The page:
• Rural/Urban Equity– Create and sustain living-wage jobs in rural communities by expanding the forest-products sector to new markets, reducing risks to communities, and bolstering tourism.
  • Resilient Ecosystems – Reduce the high-severity wildfire risk on ecosystem services by thinning forests.

Key Strategies

  • Develop organizational capacity to implement strategic actions.
  • Expand forest fiber processing capacity by reducing risks to private enterprise.
  • Diversify value-added forest product processing and manufacturing in rural communities by incubating businesses.
  • Cultivate a complementary business ecosystem by inviting businesses that utilize excess feedstock streams, are critical to building out a value-added supply chain, and respond to strong market demand.
  • Promote unique regional assets and quantify Nature’s Benefits (ecosystem services) to attract investment.
  • Pursue non-traditional funding sources using Conservation Finance tools.
  • Develop financial instruments to incubate forest product businesses and subsidize forest management where needed.
  • Engage key institutions that are foundational in launching a forest products business innovation ecosystem, like lumber mills, the Harbor District, and educational institutions.

Current Focus Industries

  • Building and Construction Technologies:

    • Mass Timber Production - Large wood building components for floors, walls, roofs or structural elements made from dimensional lumber for low to high-rise buildings. Currently no manufacturers are in California. Industry experts project demand for mass timber in the U.S. to double every two years through 2034.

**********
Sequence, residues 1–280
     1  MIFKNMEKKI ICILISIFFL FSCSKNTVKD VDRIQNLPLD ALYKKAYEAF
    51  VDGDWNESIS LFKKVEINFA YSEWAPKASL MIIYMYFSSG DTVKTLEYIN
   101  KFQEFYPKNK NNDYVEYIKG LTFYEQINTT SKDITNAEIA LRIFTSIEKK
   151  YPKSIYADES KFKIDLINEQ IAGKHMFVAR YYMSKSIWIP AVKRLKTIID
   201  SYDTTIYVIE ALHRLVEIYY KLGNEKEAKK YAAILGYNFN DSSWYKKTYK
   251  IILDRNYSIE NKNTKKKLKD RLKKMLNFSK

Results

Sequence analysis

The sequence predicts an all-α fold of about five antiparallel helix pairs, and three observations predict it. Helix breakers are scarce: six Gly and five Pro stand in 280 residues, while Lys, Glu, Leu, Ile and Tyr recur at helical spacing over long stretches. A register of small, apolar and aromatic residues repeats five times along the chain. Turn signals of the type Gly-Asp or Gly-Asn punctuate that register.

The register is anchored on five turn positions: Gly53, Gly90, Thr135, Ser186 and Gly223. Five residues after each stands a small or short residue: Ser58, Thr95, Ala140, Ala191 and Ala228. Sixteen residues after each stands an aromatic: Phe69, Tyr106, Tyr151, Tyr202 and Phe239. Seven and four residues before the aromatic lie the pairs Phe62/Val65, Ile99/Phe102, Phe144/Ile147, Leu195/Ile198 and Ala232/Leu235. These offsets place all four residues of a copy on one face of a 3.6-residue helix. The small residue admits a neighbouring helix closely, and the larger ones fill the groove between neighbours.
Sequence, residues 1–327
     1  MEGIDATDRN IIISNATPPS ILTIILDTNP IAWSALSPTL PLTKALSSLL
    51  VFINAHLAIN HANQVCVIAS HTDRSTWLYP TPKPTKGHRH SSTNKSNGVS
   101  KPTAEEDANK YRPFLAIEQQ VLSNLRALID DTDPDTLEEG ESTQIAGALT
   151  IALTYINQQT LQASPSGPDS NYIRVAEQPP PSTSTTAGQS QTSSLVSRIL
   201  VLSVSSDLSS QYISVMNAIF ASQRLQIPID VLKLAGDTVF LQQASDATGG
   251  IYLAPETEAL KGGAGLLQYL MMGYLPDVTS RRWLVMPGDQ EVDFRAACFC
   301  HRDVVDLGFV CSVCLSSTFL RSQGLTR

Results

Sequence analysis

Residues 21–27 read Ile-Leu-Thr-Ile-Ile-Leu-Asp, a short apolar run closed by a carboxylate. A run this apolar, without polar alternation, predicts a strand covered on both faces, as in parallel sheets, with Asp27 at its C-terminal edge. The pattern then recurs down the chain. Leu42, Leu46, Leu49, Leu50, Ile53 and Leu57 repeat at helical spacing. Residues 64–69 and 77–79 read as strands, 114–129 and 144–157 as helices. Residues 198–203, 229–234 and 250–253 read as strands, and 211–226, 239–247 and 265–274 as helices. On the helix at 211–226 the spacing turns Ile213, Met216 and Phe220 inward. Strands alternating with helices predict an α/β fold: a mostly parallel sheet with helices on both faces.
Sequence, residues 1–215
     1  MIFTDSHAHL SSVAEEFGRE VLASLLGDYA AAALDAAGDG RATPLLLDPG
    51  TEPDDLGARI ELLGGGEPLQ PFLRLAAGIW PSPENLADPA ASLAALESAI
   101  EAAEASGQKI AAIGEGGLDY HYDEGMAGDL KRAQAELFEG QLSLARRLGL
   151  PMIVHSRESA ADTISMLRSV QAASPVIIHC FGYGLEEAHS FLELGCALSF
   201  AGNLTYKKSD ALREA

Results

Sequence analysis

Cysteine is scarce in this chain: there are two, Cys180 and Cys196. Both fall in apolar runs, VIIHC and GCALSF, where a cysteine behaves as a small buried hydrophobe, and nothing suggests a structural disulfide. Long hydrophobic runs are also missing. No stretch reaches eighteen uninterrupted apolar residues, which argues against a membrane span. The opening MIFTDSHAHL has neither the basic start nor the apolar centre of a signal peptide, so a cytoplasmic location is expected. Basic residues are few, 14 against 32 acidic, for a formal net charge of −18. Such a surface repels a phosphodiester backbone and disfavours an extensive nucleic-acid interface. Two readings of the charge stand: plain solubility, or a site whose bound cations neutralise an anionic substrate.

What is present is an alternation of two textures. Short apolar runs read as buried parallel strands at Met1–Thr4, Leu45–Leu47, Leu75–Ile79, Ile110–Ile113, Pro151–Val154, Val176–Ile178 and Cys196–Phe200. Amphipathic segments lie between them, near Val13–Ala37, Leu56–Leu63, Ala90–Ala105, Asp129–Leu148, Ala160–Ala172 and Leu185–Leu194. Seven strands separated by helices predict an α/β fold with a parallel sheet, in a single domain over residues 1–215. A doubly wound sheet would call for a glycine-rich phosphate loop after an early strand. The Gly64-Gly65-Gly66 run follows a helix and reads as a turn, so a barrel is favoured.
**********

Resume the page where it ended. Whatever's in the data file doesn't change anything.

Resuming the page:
• Panelized Building Fabrication – Develop construction fabrication facilities that use mass timber.
    • Building sheathing, Roofing, and Flooring – Mineralized biomass for home sheathing, roofing, and flooring.
    • Wood Fiber Insulation – High-performance boards, batts, and loose fill, sequesters carbon and recyclable.
  • BioEnergy:

    • Biomass Energy –5MW cogeneration plant using mill waste through California’s BioMAT Program. Reduces mill waste costs and disposal risk, produces energy and heat for kilns, essential to create mass timber products.
  • Other Agricultural Products:

    • Textiles – Biomass transformed into innovative textiles– E.g., Mushroom leather from tan oak biomass – Doc Marten, Adidas, Hermes product lines using vegan-leather.
    • Biochar – Soil amendment to build structure, store nutrients, and build soil carbon storage capacity.
    • Industrial Scale Vermiculture – Biomass for vermiculture (worm compost) that cleans dairy and winery wastewater.
    • Biomass Oil – Carbon removal technology that converts biomass to a stable carbon-rich liquid, pumped deep underground for long-term carbon storage.

Figure 3: Geographic Scope

Map of the Scope of the project including; the extent of Calforest WRX and other relevant elements.

Figure 2: State Fire Threat Data

Thematic Map of California Fire Threat; from Low, Moderate, High, Very High, and Extreme

Figure 3: Forest Thinning Demo

Photograph of thinned forest


CalForest WRX logo
  1. Ryan

    Ryan Heitz

    Economic Development Coordinator